Parliamentary scrutiny of a Unitary Cabinet government during the coronavirus crisis – Part 1

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Thankfully dedicated to Captain Tom Moore, the NHS backyard walker, whose generation of Britons, Canadians and Poles restored Dutch democracy exactly 75 years ago. Without them, all this would be impossible.

I’ve been a D66 parliamentary researcher for 30 years, and as a history graduate (Leiden University) I know quite a lot about Dutch constitutional and political history. But the developments in that terrain I’m about to describe are absolutely unprecedented, since the Dutch unitary state, monarchy, and dual chamber parliament were established in 1814-15.

As a party founded in 1966 to update Dutch democracy to the 20th (now 21st) century, we in D66 believe in as much dualistic politics and decision making as possible between the Executive and the Legislature. So we enthusiastically support the informal working arrangement that has now arisen between the Rutte coalition government (of which we are the Progressive, Pro-European wing) and the Second Chamber, the main part of our parliament.

First, a short sketch of the Dutch parliamentary government system, and some notes about what was usual with government communications.

In the Dutch constitution, Parliament is a totally separate branch of government. MP’s who become ministers have to resign and are replaced by the next candidate on the party election list, and we don’t have a “Leader of the House” cabinet member helping to arrange the parliamentary agenda. The Presidium of sitting MPs (the Speaker/President and one MP from every parliamentary party) arrange everything.

The President of the Second Chamber (elected by all other MPs) is politically in charge of the whole parliamentary staff. The  Chamber has its own budget and own plenary budget debate. It’s quite usual in Dutch coalition politics to have a President from the opposition benches; every MP sitting in the President’s chair is obliged to be politically neutral and just apply the Standing Orders and procedures during sessions.

As far as I know a government, let alone the king, cannot prorogue parliament at will; there is no article about that in our (written) Constitution. Parliament is fully in charge of its recesses and working days/weeks.

Since 1969 Dutch prime ministers have held a press conference Friday afternoon, after the weekly plenary Cabinet meeting, explaining the decisions taken etc. Our present, centrist-Liberal (VVD party) Prime Minister Mark Rutte, who from 2010 onwards has led 3 very different coalitions, has become quite good at this. It is exceptionally rare for a Prime Minister to hold a press conference beside this weekly one; one of those by Rutte was after the MH17 disaster in Ukraine.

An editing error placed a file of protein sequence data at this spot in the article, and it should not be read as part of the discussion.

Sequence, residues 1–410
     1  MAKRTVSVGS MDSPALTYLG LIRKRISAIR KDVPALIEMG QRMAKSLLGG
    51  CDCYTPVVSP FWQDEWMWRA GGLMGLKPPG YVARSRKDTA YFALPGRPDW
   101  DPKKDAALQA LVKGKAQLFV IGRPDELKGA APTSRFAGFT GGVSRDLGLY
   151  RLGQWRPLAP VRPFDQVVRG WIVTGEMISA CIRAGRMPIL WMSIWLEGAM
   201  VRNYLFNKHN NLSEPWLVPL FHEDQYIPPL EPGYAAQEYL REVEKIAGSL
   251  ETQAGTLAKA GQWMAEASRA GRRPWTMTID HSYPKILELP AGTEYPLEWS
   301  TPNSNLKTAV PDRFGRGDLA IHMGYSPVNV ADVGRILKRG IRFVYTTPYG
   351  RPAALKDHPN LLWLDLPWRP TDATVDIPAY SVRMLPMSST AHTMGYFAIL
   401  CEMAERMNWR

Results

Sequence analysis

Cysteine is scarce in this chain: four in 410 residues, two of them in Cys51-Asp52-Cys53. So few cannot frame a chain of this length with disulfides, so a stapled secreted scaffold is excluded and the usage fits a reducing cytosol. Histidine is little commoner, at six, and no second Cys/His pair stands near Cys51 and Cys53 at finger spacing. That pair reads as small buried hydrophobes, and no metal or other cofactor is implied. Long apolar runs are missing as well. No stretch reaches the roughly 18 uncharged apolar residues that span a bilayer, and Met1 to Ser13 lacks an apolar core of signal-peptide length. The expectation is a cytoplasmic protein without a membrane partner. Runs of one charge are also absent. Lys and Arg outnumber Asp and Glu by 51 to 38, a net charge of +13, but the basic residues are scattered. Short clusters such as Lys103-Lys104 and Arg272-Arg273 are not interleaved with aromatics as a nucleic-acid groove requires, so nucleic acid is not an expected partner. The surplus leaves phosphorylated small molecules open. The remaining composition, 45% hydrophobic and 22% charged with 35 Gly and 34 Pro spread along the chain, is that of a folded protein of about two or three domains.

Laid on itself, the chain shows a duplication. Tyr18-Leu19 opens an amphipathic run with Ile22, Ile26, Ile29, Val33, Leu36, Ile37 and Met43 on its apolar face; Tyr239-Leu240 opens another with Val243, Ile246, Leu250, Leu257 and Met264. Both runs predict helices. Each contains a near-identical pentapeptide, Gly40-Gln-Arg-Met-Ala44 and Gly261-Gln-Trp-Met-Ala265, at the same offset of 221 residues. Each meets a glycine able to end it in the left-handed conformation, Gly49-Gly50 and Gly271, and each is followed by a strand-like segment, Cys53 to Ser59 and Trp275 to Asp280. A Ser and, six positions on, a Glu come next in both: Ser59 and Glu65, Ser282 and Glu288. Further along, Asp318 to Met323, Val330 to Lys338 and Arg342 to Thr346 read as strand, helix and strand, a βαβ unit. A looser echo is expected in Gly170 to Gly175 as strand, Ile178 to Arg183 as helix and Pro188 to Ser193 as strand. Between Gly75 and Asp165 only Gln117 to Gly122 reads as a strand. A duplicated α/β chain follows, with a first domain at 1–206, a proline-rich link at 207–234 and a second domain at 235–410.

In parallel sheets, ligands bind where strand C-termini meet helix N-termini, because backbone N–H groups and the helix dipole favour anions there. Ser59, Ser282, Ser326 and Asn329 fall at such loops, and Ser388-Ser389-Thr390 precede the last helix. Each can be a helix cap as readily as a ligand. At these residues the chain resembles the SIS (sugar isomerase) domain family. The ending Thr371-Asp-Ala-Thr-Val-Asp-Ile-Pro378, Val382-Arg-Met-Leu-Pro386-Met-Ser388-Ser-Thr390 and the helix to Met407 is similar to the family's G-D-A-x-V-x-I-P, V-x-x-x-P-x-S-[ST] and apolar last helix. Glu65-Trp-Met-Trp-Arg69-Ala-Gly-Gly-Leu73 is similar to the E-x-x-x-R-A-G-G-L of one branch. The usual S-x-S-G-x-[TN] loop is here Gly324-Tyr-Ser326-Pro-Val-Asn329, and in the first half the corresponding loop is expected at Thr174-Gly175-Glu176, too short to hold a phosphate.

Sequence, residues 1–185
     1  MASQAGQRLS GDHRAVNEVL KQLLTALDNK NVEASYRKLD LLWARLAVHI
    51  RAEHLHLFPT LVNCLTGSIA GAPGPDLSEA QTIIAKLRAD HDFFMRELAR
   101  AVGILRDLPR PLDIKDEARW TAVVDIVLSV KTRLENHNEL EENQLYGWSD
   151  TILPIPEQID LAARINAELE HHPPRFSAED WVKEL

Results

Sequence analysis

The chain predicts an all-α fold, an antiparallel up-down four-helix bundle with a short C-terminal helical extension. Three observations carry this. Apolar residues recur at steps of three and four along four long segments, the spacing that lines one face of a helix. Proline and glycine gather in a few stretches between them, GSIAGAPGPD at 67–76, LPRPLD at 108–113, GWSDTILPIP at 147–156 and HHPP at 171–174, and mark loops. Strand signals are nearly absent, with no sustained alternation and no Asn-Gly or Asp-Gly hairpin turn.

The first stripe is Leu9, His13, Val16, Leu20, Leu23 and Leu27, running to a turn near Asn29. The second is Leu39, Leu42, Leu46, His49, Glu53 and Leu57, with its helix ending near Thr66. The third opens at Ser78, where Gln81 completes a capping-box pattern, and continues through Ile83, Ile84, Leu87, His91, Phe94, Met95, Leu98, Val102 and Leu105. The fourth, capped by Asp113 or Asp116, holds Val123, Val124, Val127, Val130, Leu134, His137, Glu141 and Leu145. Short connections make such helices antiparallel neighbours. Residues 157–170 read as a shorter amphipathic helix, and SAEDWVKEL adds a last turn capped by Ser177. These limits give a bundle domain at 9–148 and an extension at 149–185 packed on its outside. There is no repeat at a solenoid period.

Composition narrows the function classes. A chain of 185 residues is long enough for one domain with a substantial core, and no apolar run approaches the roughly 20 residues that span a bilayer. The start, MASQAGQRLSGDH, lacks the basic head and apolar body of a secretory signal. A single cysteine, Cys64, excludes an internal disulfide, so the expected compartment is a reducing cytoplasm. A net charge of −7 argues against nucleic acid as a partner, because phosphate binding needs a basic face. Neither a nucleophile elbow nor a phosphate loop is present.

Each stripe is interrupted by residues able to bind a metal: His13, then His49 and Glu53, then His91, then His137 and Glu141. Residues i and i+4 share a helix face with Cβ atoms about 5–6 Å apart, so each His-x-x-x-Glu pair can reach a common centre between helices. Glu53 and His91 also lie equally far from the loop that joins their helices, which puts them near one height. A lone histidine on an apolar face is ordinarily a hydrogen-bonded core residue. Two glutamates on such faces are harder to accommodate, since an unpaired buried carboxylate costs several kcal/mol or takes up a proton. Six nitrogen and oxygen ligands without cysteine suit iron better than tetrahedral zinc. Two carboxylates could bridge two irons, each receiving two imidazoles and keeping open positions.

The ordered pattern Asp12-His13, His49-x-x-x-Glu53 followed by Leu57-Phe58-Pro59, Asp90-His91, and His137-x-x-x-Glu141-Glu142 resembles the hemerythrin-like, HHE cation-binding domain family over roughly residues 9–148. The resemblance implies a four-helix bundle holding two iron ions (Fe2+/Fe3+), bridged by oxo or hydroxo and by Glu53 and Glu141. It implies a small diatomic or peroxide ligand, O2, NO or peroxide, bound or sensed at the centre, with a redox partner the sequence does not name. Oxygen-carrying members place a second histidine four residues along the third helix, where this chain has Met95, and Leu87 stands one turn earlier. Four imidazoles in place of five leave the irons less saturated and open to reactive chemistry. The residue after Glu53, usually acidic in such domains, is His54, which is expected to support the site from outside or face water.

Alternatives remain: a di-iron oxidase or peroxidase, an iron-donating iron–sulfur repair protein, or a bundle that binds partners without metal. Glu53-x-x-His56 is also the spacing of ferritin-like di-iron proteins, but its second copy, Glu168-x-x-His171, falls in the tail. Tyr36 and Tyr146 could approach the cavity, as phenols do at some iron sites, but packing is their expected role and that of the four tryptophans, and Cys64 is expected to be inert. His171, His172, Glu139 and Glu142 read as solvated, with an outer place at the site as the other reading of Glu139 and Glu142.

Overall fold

For the development of the Corona crisis in the Netherlands (from around 28 February 2020) see Wikipedia. I strongly urge readers to have this article ready when reading the following, to know the full context.

The first special press conference by Rutte was on 9 March, announcing some preliminary measures (“don’t shake hands”). But in the following days Corona contagion exploded in Brabant province, and in his second Corona press conference on 12 March Rutte expanded local Brabant countermeasures (“work at home”) to the whole country. In the press conference on 15 March Rutte closed down all kinds of facilities.

On March 16 Rutte addressed the nation on all public and commercial TV networks, radio and the public broadcasting websites; the last such TV speech was in 1973 when the Arab OPEC nations cut off direct petroleum deliveries to us.

King William Alexander, who together with queen Máxima shows an active interest in all aspects of battling the Corona epidemic, on 20 March gave a TV and radio address (a very rare occasion for Dutch monarchs outside their usual Christmas address).

In his press conference of 23 March, Rutte announced a situation of “intelligent lockdown”. The regime was similar to the British one, but from the start of his Corona press conferences Rutte was less insouciant and more earnest than Boris Johnson – this set a tone.

On 8 April, the National Institute for Public Health and the Environment, which was monitoring all Corona developments and advising national and local government, warned that  care homes for the elderly had been penetrated by the corona virus. Attention started shifting to the lack of PPE clothing and instruments there. Government promised to adjust the distribution quotas for those among the different kinds of health and other care.

D66 is our sister party in the Netherlands.

* Dr. Bernard Aris is a historian, a D66 parliamentary researcher and a LibDem supporting member.

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